Home / 30th Anniversary of China-US Diplomatic Ties / Opinion & Analysis Tools: Save | Print | E-mail | Most Read | Comment
Bush leaves positive legacy for Sino-US ties
Adjust font size:

The Bush administration has on many occasions echoed the Chinese government's calls to curb the "Taiwan independence" attempt. It also reiterated the "One China" stance and its adherence to the Three Joint Communiqus between the two countries. At a press briefing co-chaired by Premier Wen Jiabao on Dec 9, 2003, Bush openly lashed out at the Taiwan authorities' conspiracy to unilaterally change the status quo across the Taiwan Straits. The joint actions taken by the two countries against Taiwan separatist moves have contributed to cross-Straits stability and consolidated their political foundation.

Also, the two countries have become increasingly interdependent in the economic and trade realms, with both regarding the other as a long-term cooperation partner. Even before his election as president, Bush, a strong advocate of trade liberalization, made great efforts for the smooth passage through the Congress of the bill that accorded China a permanent normal trade relations treatment. During his two terms, the outspoken US president has also made further efforts for the development of bilateral trade ties and fended off some Congressmen's calls to use the issue of yuan's exchange rate to intervene in a normal bilateral economic and trade relationship. In particular, the establishment of the Strategic Economic Dialogue mechanism with China has substantially added to economic interdependence between the world's largest developing and developed countries.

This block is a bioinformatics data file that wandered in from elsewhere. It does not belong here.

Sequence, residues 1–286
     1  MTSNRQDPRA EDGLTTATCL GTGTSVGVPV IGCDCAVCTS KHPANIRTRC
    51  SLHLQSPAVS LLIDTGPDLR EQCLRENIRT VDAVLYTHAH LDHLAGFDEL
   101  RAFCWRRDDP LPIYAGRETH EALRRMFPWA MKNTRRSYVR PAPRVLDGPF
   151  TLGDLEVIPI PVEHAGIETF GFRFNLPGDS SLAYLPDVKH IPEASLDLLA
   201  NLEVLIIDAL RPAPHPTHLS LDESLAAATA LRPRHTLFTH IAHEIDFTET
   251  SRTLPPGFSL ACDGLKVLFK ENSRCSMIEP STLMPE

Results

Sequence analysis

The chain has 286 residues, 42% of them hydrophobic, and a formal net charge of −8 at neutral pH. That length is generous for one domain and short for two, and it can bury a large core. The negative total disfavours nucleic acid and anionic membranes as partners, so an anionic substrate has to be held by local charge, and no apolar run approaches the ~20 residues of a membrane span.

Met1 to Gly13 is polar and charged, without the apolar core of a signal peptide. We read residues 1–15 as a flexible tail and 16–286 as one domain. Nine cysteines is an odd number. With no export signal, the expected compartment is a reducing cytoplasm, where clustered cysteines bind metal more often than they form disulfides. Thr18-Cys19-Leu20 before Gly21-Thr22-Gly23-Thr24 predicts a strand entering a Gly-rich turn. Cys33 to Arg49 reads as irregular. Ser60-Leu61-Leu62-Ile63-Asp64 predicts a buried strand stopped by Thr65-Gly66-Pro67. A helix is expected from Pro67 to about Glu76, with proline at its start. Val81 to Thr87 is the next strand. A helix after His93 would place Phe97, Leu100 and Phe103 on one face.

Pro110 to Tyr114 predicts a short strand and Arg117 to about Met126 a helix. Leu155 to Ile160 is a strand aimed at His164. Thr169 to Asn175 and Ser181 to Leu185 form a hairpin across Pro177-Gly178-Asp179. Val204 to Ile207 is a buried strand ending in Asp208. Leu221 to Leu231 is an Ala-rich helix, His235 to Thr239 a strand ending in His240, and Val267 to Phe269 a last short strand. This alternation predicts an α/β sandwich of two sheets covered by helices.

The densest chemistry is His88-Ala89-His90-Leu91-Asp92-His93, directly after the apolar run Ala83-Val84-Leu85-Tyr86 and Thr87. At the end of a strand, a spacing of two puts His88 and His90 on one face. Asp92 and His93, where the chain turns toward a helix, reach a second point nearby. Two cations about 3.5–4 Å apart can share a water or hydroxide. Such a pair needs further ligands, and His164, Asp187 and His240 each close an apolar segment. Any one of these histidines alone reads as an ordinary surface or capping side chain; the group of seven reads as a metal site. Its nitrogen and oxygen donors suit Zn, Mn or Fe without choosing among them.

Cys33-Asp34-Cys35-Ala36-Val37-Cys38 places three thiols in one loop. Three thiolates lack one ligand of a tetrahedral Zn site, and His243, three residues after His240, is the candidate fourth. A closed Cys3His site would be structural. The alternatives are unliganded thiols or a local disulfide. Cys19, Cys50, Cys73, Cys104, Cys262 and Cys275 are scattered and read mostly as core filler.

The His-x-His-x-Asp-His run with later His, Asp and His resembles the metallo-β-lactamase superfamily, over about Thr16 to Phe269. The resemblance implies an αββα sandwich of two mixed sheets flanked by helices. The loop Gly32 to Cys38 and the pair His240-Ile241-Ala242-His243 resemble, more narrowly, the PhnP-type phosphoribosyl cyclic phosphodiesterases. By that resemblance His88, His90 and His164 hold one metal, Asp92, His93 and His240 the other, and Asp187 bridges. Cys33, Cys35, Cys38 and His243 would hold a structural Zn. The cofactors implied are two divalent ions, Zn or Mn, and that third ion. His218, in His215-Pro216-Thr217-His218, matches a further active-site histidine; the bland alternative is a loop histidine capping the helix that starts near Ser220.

Nevertheless, an ever-deepening bilateral relationship does not mean there exist no differences between the two powers. Due to different political systems and values, China and the US still remain far apart on the human rights, Taiwan and Tibet issues. As the world's sole superpower, the US has long had a suspicious attitude toward the prospect of China's development.

In a series of its official documents, such as the ones on the US national security strategy, its quadrennial defense review and on China's military power, Washington has never concealed its deep misgivings about China. These documents have always called for the US to be on high alert against the emerging Asian nation while seeking engagement. The US arms sales to Taiwan last October interrupted the normal development of the already weak military ties between the two sides.

It is not expected that all differences can be ironed out overnight. But we have reason to believe that the established openness between the two sides in handling differences and disputes will continue to push forward bilateral ties.

The author, Tao Wenzhao, is a researcher with the Institute of American Studies under the Chinese Academy of Social Sciences.

(China Daily January 14, 2009)

     1   2  

Tools: Save | Print | E-mail | Most Read
Pet Name
China Archives
Related >>
> Korean Nuclear Talks
> Reconstruction of Iraq
> Middle East Peace Process
> Iran Nuclear Issue
> 6th SCO Summit Meeting
- China Development Gateway
- Foreign Ministry
- Network of East Asian Think-Tanks
- China-EU Association
- China-Africa Business Council
- China Foreign Affairs University
- University of International Relations
- Institute of World Economics & Politics
- Institute of Russian, East European & Central Asian Studies
- Institute of West Asian & African Studies
- Institute of Latin American Studies
- Institute of Asia-Pacific Studies
- Institute of Japanese Studies